Beautiful RARE certificate from the Hasbrouck Institute issued in 1899. This historic document has an
ornate border around it. This item has the signatures of the Company's President and Secretary and is over 109 years old.
The Hasbrouck Institute opened on the present site of Lincoln High School in September of 1893 with 305 students. The stately looking building at the corner of Crescent and Harrison Avenues was Romanesque in design with modifications as required for its use as a classroom building in an urban environment. By all appearances it was suited for the classical studies that it provided its students. The construction of the walls was of red brick with brownstone trimmings. Iron was generously used to bind the walls and sustain the floors and roof; iron girders and concealed columns added to the stability of the building. The first floor included a library, kindergarten, and assembly hall with a seating capacity for approximately 800.
This was not the initial site for the Institute. It was first located at the present location of Numbers 53 and 55 on Mercer Street when it was founded in 1856 and then relocated to the Lyceum Classical School (1839-59) at 109 Grand Street that was founded by William L. Dickinson.
Professor Washington Hasbrouck established the private school for the purpose of educating young men in Jersey City to attend the foremost colleges and universities in the United States and thereby prepare them for future public service and leadership. Hasbrouck had previously started a similar school in Saugerties, NY, before moving to Jersey City. He remained with the Institute until 1876, when he became the principal of the State Normal School at Trenton (now the College of New Jersey). A girls' department was added to the Institute in 1880 with a continuation of its program extending from kindergarten to high school. To accommodate the growing population in the area of Jersey City Heights, property was acquired in 1892 at the corner of Crescent and Harrison Avenues.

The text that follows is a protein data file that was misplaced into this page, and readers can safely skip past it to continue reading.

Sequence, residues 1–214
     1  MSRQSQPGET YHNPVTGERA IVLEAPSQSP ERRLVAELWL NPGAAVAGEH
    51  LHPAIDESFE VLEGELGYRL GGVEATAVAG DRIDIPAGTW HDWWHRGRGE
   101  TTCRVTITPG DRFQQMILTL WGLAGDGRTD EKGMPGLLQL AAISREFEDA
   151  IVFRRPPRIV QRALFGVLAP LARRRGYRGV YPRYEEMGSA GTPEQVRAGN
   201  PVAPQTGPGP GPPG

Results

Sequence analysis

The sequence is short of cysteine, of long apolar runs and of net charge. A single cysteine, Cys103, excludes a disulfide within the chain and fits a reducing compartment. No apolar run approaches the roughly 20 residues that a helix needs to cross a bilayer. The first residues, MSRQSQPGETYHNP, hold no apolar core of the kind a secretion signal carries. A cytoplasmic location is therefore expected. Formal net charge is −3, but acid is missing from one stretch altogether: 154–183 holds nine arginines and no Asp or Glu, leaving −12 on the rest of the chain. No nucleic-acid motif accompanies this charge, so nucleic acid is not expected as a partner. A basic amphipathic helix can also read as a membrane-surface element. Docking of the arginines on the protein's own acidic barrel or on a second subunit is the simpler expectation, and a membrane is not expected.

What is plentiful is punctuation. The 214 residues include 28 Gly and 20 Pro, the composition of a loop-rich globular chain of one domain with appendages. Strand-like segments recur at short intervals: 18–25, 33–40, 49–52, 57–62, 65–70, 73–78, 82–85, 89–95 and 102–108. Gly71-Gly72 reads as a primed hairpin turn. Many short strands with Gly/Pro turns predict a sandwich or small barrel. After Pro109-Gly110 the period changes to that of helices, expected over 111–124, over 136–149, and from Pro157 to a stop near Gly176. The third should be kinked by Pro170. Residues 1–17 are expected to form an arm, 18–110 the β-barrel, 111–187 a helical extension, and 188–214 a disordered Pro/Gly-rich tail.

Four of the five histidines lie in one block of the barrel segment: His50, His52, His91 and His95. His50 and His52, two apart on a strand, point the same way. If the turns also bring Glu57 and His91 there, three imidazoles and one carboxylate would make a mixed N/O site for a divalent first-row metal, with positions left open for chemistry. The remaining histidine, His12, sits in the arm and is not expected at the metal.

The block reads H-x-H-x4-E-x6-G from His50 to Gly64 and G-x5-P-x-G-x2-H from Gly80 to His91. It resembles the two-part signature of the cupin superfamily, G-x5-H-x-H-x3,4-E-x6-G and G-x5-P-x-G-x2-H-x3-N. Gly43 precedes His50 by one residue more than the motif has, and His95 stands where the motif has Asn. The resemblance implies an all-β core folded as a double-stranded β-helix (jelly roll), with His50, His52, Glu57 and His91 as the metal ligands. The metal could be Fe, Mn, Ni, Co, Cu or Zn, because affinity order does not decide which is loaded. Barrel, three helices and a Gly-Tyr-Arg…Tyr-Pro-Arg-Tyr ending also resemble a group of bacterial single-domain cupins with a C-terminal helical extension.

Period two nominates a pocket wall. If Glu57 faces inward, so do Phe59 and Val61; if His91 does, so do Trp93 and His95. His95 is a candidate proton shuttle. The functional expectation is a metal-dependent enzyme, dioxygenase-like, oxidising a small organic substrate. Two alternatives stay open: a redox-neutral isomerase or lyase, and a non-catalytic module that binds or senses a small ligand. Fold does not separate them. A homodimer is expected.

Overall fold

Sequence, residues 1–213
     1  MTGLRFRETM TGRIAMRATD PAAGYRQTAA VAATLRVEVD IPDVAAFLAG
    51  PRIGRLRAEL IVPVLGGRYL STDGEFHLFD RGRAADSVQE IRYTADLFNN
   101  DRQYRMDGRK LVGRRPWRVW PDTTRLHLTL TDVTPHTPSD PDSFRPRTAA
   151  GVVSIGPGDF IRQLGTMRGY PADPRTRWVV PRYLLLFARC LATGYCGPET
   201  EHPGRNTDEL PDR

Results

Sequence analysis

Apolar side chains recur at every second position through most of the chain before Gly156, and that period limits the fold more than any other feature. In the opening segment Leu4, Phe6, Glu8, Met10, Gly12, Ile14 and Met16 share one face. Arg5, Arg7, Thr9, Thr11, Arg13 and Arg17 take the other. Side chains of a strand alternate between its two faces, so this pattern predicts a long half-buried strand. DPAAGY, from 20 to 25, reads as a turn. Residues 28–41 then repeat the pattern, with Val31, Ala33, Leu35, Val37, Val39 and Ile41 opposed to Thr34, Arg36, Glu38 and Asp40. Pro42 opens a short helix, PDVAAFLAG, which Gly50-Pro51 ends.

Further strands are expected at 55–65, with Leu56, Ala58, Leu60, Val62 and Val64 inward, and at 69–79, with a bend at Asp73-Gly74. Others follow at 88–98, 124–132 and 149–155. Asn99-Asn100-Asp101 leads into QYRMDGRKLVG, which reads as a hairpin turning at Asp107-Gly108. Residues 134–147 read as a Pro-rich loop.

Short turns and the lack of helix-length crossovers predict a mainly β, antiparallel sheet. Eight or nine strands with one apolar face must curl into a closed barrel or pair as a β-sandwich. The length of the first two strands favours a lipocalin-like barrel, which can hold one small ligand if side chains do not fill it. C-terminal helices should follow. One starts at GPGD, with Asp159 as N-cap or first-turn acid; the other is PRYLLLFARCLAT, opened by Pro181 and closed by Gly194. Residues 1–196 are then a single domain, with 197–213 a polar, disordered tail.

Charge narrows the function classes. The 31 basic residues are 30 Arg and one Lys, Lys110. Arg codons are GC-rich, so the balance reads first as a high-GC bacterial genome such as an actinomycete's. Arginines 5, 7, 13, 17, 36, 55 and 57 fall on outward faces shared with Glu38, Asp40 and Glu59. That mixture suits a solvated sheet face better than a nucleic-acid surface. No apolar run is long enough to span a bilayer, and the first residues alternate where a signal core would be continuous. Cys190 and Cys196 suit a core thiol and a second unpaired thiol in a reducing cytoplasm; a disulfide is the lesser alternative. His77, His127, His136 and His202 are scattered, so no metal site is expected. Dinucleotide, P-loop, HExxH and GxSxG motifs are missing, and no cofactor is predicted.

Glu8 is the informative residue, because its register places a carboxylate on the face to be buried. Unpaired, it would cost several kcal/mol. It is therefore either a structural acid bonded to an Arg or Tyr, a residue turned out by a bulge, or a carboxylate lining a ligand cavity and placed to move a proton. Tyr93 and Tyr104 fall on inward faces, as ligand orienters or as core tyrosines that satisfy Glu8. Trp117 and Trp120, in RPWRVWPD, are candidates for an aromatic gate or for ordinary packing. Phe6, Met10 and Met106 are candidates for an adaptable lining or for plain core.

A number of prominent Jersey City leaders graduated Hasbrouck Institute. Among them were: John T. Rowland, the architect for the city of Jersey City for over forty year who designed the Medical Center, and Dickinson and Snyder high schools and the A. Harry Moore School, among many of the city's schools; Joseph Dear II, an editor and publisher of the Jersey Journal; Charles Henderson, son and succeeding president of the Peter Henderson Company; and George M. Culver, MD, a president of St. Francis Hospital and a president of the Hudson County Medical Society.
The availability of similar educational programs in the Jersey City public schools soon affected the enrollment at the private school, and the city was looking to build more schools. In 1912 the Jersey City Board of Education purchased the Hasbrouck Institute for $117,000 for a new high school. The acquisition was viewed in a New York Times article as an indicator of "the growth and progressiveness of Jersey City" (11 August 1912). Since the Institute was on a large site on the crest of the Jersey City heights, $5000 was appropriated to renovate the building to serve as a public school while Rowland prepared for the new school, to be known as the Lincoln High School, on the grounds.
The Hasbrouck Institute building was razed by 1920.
"New Business Centre in Jersey City Rapidly Developing on the Heights." New York Times 11 August 1912.
"Professor Washington Hasbrouck." New York Times 26 February 1895.
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